Before we left the doll museum a rather jovial but nervous english speaking woman approached us and told us all about the places we needed to go and the things we needed to see while were in Kamakura and she urged us very passionately to go see Kenchoji, another shrine up the road. Along the way Merrick did some research and discovered that the giant buddha was unavailable to the public due to restoration that they do once every 50 years. So it was decided that we would still go on the hike, but perhaps we should check out another temple first. So we were Kenchoji bound, and many a picturesque street scene did we see! Specifically some very beautiful plum blossoms which were a very colorful counterpoint to the overcast skies.
Kenchoji snuck up on us but not in a very magical way. It had its own parking lot, and from the entrance had a much more corporate vibe then the other temples I'd seen. There was a kiosk at the front with rules and regulations, and an entry way and ticket booth more similar to Universal Studios then what you'd expect a shrine to be. This left a sort of bitter flavor in my mouth from the get go, and the large number of tourists and student groups didn't help. Everyone there seemed to have very little if any reverence for the place, and they were loudly trimming trees with gas operated chain saws as well. The architecture was spectacular as one could assume, but the layout was very rigid and the greenery had been traded in for concrete and stone, the humble coziness for royal panache. It felt like the corporate strip mall version of a shrine, the Disney interpretation. Clearly tourists love this place, that's the only reason I could fathom that woman would so excitedly direct us here. I'm a more locals only man.
Looking at these pictures, this place is actually pretty astounding. But having just come from Engakuji, and combined with the loud touristy types, it was underwhelming. Nevertheless, I did feel compelled to explore the premises further and further, and found that the grounds did extend beyond where I would expect they would end. Approaching the back of the shrine, where Engakuji would have ended, Kenchoji continued on and I found a small unassuming road, that seemed to lead off premises, a prospect that excited me. Where would this road lead? The casual unknown of it enticed me enough to walk up the hill and follow the road into the woods. On the left were a few somewhat dilapidated homes one of which had a rather entertaining display of tanookis (a creature from Japanese folklore, a sort of anthropomorphized raccoon), frogs, a european style cherub, and several (presumably empty) bottles of sake.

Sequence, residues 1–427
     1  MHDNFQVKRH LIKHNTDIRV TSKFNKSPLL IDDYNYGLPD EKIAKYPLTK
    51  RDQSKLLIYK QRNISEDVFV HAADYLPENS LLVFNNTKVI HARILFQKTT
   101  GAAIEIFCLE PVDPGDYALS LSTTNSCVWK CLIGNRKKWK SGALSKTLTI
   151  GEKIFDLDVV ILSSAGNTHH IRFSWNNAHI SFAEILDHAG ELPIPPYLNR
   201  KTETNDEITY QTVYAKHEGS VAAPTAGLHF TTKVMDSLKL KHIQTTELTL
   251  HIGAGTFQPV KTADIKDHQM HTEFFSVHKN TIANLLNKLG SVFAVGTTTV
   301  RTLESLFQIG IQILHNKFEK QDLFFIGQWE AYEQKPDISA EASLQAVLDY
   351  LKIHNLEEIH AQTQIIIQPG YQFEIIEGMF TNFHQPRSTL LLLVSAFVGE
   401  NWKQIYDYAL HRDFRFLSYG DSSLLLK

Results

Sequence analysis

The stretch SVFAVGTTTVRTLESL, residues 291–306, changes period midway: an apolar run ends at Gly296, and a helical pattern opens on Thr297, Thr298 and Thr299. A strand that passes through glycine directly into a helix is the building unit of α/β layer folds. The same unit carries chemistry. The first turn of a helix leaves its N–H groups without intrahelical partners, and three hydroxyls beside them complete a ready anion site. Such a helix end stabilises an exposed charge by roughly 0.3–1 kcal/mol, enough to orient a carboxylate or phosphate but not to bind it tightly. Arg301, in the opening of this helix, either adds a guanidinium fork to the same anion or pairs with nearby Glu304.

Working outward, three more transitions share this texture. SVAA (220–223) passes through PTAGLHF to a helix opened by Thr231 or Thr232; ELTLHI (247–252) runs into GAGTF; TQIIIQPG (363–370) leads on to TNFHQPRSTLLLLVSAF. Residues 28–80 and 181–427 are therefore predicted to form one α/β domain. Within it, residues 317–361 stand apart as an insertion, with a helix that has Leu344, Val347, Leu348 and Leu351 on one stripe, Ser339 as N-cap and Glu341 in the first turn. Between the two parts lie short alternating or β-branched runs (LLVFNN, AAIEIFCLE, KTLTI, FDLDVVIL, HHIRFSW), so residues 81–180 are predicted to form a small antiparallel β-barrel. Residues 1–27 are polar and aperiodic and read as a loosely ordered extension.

Not too much farther up the road things started to get very interesting. Statues started popping up on both sides, the forest became more dense and before we knew it, we were at the base of a great stone staircase ascending the mountain side. This was not on any map, nor did we know it was there. It was just one of life's little gifts that it dishes out occasionally. Stone lions and severe looking buddhas were everywhere, and colorful red and blue flags adorned the stone pathways. A crew of landscapers were there planting several trees and a murder of large raven-like bird's were cawing and it echoed through the valley. Ascending the staircase quickly reminded me that I'm a touch out of shape as it was very steep. A few zig-zags upwards and an amazing sight unfolded before our eyes. A fountain not unlike the one at Meiji shrine was ensconced amidst a small battalion of bird faced warrior statues. It called to mind all the famous statues from Europe, just incredibly different. I am unsure what significance these bird warriors have, or what their purpose was or is, but I do know they were magnificent. Continuing up the final flight of stairs rendered another view so awe-inspiring it took my breath away. From the top of the stairs the whole valley could be seen all the way out past the village and to the ocean. We paused here for a good long while not just to catch our breath but to soak it all in. The next few hours were spent hiking and views like this became so common place, we practically began ignoring them completely. An embarrassment of riches.